Recombinant human albumin, as produced by Albumedix in a yeast host, comes in a ready-to-apply formulation, with the albumin at 10% or greater concentration. Since this albumin material is so highly concentrated, it is usually simple to implement an easy addition or dilution of the liquid albumin, both in formulation studies and later, in large scale production.

Literature References

  1. Fanali G., di Masi A., Trezza V., Marino M., Fasano M., Ascenzi P.; Human serum albumin: from bench to bedside. Mol Aspects Med (2012) 33 209-290
  2. Horvathy, DB., Simon M., Schwarz, CM., Masteling M., Vácz G., Hornyak, I., Lacza, Z.; Serum albumin as a local therapeutic agent in cell therapy and tissue engineering. Biofactor (2016) doi:10.1002/biof.1337.
  3. Garcia-Gonzalo, FR., Belmonte, JCI.; Albumin-Associated Lipids Regulate Human Embryonic Stem Cell Self-Renewal, PLos ONE (2008) 3 e1384.
  4. Morback, ED., Paczkowski M., Frericksson, JR., Kirsher, RL., Hoff, HS, Baumann, NA., Moyer, T., Matern, D.; Composition of protein supplement used for human embryo culture. J Assist Reprod Genet (2014) 31 1703-1711.
  5. Francis GL.; Albumin and mammalian cell culture: implications for biotechnology applications. Cryotechnology (2010) 62 1-16.
  6. Hunt, CJ.; Cryopreservation of Human Stem Cells for Clinical Application: A Review. Transfus Med Hemother (2011) 38 107-123.

About Albumedix Ltd.Albumedix Ltd.

Too many people battle with diseases that keep them from living a full life. Healthcare professionals work hard every day to provide these people with better therapies. Together with partners, Albumedix utilize its albumin-based drug enhancing products and technologies to enable the development of more effective treatments.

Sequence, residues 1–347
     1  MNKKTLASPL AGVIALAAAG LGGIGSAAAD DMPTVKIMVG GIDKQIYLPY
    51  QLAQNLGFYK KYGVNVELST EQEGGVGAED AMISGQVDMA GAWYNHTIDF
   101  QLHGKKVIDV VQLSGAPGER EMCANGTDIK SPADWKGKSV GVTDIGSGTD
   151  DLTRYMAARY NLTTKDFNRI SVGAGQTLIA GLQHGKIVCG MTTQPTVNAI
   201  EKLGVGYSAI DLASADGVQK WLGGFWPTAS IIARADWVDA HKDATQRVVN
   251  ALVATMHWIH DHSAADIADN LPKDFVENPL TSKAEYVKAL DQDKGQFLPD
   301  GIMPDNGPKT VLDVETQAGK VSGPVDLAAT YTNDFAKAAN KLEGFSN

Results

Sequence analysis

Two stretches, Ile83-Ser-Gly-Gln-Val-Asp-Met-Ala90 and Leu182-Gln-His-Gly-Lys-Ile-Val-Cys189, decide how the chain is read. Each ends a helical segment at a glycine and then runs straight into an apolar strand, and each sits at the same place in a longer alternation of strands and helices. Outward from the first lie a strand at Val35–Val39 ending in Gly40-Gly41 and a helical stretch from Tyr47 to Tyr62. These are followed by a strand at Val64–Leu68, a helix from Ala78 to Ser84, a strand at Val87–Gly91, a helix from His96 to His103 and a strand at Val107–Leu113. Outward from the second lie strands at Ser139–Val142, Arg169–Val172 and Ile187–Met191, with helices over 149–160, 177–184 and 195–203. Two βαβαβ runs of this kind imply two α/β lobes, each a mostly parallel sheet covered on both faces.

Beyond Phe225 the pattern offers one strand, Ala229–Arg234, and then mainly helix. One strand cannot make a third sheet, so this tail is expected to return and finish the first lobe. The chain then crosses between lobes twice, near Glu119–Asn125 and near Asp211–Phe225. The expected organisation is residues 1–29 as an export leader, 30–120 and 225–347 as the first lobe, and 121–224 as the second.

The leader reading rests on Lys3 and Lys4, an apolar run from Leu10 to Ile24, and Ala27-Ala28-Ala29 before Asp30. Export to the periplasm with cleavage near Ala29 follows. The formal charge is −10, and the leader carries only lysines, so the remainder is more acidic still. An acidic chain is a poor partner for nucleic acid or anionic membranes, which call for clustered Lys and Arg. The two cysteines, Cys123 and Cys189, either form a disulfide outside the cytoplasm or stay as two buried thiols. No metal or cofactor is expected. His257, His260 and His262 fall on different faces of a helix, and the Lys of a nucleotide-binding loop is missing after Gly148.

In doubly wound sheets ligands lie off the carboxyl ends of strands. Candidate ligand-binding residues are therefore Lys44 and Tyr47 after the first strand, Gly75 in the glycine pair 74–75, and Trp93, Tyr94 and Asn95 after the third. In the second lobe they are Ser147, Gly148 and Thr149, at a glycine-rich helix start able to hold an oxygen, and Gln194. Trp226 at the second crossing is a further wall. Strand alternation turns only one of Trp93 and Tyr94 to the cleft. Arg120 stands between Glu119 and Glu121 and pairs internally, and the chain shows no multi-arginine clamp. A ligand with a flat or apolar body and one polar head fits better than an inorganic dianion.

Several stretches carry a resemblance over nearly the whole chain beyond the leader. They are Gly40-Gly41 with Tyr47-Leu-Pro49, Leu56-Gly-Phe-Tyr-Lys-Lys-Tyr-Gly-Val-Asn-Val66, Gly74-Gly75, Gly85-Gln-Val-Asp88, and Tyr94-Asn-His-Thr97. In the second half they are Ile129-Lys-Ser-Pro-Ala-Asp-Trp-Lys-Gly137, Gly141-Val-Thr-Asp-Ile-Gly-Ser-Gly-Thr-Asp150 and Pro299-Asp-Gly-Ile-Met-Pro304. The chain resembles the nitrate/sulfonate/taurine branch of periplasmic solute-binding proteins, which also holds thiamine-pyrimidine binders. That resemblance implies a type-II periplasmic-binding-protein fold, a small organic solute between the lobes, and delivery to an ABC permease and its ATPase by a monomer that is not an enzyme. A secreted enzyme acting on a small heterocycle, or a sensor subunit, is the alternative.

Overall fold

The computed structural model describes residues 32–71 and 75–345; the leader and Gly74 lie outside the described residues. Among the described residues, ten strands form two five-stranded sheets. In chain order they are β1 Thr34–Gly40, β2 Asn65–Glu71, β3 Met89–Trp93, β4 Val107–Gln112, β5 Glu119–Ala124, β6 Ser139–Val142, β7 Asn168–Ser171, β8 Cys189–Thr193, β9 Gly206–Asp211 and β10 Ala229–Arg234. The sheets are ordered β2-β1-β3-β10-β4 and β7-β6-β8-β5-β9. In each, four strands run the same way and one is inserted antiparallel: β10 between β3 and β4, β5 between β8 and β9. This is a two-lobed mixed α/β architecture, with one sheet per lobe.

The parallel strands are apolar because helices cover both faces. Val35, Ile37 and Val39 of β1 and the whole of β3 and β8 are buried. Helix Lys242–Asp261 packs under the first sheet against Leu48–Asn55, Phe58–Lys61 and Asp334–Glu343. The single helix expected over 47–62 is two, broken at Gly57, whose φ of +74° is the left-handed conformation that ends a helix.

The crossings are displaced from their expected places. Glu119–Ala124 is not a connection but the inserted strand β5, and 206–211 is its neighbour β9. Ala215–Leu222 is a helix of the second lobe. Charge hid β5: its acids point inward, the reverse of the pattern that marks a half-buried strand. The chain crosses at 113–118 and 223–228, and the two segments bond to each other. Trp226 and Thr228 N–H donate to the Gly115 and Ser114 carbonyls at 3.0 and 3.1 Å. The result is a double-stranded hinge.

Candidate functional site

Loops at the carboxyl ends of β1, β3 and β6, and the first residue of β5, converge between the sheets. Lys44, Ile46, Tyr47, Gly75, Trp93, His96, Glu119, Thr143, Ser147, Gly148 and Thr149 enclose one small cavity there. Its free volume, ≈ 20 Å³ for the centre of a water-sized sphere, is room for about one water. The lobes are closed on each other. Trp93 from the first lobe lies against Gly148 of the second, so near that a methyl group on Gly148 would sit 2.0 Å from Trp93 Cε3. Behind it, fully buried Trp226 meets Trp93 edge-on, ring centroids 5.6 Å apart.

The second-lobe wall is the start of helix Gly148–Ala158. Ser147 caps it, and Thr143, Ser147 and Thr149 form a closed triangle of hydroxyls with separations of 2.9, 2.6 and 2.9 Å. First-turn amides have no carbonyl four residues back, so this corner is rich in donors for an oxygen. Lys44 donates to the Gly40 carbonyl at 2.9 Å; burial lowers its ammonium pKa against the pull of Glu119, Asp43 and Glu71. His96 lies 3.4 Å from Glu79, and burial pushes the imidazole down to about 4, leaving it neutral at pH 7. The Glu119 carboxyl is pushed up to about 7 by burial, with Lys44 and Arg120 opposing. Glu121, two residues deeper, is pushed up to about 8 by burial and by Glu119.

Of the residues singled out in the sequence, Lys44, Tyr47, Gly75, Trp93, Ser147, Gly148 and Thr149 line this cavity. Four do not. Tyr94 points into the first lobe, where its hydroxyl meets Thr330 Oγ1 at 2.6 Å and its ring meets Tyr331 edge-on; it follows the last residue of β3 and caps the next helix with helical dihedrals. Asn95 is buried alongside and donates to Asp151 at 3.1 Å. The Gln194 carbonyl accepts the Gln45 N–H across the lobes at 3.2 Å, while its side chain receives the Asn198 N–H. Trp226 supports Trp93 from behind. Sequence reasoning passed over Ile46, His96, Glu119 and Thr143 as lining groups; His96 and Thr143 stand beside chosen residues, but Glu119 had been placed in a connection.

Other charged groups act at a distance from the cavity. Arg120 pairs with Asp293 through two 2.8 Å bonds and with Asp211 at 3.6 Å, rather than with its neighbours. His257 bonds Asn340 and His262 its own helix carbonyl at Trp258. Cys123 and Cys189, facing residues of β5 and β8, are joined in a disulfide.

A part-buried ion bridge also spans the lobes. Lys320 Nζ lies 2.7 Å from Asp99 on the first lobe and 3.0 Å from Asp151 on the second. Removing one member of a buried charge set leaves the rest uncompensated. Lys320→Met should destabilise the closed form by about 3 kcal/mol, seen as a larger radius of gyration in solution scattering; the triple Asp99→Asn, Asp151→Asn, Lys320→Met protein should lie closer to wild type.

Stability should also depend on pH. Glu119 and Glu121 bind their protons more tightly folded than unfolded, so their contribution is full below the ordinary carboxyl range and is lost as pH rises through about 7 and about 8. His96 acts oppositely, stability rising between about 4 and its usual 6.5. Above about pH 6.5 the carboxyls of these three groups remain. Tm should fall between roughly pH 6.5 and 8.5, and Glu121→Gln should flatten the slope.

With more than 30 years of experience, we are proud to be recognized as the world leader in recombinant human albumin products and technologies.

As the highest quality recombinant human albumin products ever developed, Albumedix enables the effective formulation of otherwise hard-to-stabilize drugs, cell therapies, and vaccines.

Our albumin-based technologies offer new ways of optimizing drug dosing and enhancing therapeutic performance by increasing the half-life, payload capacity, and tissue specific delivery of active pharmaceutical agents. This results in simpler treatment regimens, better performance, and, ultimately, improved patient outcomes.

Albumedix is headquartered in Nottingham, UK, with both research and large-scale manufacturing facilities. We are all committed to improving patient quality of life and are just as passionate about albumin and albumin-enabled therapies today as we were when we started 30 years ago.


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Last updated: Feb 28, 2020 at 3:52 AM